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Campus News
Your faculty and staff news since 1965
Current Issue: February 17, 2003
Volume 38, Number 14

COE’s McGowen patches ‘em up at Winter X Games

By Carolyn Gonzales

McGowen comforts a Winter X Games participant on the slopes in Aspen.At UNM, Susan McGowen trains athletic trainers. For sports cable network ESPN, she’s the director of sports medicine. Recently she spent five days in Aspen, Colo., heading up a 20-member medical team providing assistance to 280 athletes from around the world participating in ESPN’s Winter X Games.

As head of the Department of Physical Performance and Development in the UNM College of Education, McGowen teaches students that teaching athletes to avoid injury is as critical as treating injuries. The Winter X Games, she said, offer her students, and other interns, exposure to sports not seen at collegiate or high school levels.

The Winter X Games are truly Xtreme: all kinds of snowboarding competitions – superpipe, X, and slopestyle; Moto X – motorcyclists performing stunts off snow jumps; ski slopestyle, and snow cross/snowmobile racing.

Just because they’re extreme athletes doesn’t mean these masters of the snow get hurt more often than other athletes, McGowen said. “These athletes are professionals. They are the best of the best,” she said, adding that the average age is 26 and that many of the injuries she and her crew treated occurred during training, not competition.

“We took care of 77 injuries, but only two broken bones and a few knee sprains. We had an assortment of strains, contusions and a few minor concussions,” she said.

McGowen said that the X games have a strong commitment to preparation, but risk can’t be eliminated. “It’s up to me to prepare myself and my staff for it,” she said.

Her crew, which included trainers, physicians and other certified athletic trainers, came from across the country.

McGowen brought four senior students along – Diana Padilla, Felipe Mares, Adrienne Kelley and Sara Briggs. “Clinically, it was a wonderful,” Padilla said. “The experience exposes you to a setting where everything happens quickly, you respond and your confidence builds.” Another benefit was seeing and treating different kinds of injuries than those normally seen in a collegiate or high school training room.

Although the student interns were new to the X scene, McGowen wasn’t. She’s served as ESPN’s director of sports medicine since 1995. She’s wrapped and taped injuries at Winter and Summer X Games as well as Timber Sports and Dog Events – dogs earn medals for jumping off piers into the water. She’s worked fly-fishing and bass competitions and will be working the Global X Championship in San Antonio in May. She’ll also be preparing a crew to travel to the Canadian site of the games.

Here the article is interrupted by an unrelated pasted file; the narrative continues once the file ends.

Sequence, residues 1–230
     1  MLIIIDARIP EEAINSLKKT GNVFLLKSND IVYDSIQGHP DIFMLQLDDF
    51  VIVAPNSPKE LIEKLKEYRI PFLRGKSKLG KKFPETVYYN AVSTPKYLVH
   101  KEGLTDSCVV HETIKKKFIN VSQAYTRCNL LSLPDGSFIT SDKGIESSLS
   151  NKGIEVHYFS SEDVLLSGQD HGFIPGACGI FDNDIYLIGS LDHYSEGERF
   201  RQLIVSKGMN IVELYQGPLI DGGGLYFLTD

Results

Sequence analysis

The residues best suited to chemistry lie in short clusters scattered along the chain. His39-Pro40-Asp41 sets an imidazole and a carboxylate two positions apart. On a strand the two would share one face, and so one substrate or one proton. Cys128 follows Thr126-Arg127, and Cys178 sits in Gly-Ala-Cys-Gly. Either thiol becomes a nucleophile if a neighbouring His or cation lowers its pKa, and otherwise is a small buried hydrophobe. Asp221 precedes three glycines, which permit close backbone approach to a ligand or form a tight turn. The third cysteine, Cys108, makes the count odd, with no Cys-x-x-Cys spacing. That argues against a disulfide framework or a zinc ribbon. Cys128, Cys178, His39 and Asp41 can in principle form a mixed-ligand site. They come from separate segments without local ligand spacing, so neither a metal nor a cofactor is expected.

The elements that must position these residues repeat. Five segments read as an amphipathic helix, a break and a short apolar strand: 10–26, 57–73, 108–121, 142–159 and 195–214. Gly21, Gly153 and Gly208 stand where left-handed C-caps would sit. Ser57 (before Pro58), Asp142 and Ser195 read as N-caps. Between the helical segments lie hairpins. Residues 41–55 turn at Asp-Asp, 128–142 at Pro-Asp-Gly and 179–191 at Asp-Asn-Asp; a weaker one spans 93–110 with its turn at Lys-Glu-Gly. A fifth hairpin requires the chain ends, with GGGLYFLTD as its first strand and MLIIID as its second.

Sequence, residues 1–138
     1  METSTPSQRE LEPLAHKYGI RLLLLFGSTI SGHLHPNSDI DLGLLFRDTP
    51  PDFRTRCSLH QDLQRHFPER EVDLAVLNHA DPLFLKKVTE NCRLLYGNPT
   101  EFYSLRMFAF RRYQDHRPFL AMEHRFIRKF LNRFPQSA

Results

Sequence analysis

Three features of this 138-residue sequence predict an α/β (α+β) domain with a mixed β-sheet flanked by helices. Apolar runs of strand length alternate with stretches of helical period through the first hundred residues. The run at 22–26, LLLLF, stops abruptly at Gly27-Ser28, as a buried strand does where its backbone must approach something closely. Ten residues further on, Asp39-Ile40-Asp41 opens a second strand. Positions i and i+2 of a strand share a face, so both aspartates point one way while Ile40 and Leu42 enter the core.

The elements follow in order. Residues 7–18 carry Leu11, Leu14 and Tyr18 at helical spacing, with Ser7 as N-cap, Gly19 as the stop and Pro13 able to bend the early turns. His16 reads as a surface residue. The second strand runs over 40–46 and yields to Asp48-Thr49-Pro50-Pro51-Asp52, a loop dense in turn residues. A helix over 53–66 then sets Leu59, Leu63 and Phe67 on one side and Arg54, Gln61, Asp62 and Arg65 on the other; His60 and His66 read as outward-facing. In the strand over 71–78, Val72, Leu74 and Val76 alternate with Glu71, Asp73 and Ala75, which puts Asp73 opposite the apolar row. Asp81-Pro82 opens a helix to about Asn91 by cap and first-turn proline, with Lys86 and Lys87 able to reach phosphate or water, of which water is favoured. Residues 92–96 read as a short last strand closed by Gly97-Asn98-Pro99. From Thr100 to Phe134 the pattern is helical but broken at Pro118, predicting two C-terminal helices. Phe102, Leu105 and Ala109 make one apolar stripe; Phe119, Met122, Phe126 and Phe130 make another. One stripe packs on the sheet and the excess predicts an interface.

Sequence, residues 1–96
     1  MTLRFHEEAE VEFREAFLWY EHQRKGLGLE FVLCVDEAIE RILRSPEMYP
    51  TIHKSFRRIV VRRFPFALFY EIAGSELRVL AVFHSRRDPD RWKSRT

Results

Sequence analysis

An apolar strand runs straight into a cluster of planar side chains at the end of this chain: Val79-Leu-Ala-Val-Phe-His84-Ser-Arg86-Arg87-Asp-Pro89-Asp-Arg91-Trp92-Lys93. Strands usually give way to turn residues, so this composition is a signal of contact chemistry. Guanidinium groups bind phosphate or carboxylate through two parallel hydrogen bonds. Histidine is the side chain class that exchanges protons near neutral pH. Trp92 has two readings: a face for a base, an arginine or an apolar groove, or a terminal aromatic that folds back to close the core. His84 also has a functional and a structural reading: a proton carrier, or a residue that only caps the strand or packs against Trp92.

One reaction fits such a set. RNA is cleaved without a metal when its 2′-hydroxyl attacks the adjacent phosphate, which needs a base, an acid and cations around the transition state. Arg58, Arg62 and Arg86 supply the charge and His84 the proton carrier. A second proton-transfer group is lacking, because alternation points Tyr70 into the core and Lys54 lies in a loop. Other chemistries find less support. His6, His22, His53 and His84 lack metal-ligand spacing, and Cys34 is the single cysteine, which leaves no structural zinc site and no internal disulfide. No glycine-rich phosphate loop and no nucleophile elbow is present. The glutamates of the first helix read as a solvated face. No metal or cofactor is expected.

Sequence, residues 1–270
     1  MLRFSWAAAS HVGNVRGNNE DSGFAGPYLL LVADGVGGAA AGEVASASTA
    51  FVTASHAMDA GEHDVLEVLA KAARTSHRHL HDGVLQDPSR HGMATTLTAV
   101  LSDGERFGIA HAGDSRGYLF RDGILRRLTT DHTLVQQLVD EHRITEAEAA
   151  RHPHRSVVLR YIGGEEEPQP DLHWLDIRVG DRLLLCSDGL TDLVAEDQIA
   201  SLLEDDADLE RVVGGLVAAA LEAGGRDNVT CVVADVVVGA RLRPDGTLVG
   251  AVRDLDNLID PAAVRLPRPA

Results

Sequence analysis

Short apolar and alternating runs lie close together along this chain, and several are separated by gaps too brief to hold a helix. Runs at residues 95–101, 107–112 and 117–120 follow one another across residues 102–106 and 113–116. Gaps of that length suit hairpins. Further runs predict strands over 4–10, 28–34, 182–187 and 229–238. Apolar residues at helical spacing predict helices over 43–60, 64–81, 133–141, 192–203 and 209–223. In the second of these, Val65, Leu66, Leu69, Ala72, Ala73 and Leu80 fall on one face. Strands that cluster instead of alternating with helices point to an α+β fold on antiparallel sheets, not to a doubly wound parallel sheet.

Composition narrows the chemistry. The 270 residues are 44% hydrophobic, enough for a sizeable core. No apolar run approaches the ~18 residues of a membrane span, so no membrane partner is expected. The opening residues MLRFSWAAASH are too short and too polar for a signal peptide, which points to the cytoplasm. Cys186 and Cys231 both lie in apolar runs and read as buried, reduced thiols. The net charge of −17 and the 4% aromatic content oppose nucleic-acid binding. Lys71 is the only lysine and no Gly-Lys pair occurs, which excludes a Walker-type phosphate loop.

Her break with ESPN came in St. Louis in 1994 when the U.S. Olympic Festival came to town. “I practically papered the vice president’s office with letters and my resume so that I could do sports medicine for the festival,” she said.

The man who hired her is now ESPN’s executive director of the X games, Jack Wienert.

“He’d lived in the athletic trainer’s basement when he was a Missouri Tigers football player. He understood both the passion and compassion of athletic trainers,” she said.

During the interview he explained that the X games required incredible coordination and skill. The event was both vast and overwhelming and whoever was to be in charge of athletic training needed a plan of attack. Wienert asked her, “How can you eat an elephant?” Her response, “One bite at a time,” cinched the hire.

Originally from Indiana, McGowen lettered in four sports in high school: track, cross-country, volleyball and basketball. She earned her bachelor’s of science and became a certified athletic trainer. After discovering she enjoyed mentoring athletic training students, she went to Syracuse and received a master’s in education. This past August, she earned a Ph.D. in sports administration from UNM.

“Sports is still a man’s world,” she said, but added that now 52 percent of the membership of the National Athletic Trainers Association is female.

McGowen said there are still doors to break down and lines to cross.

“Through teaching, I can pave the way for younger students. That drove me into education,” she said.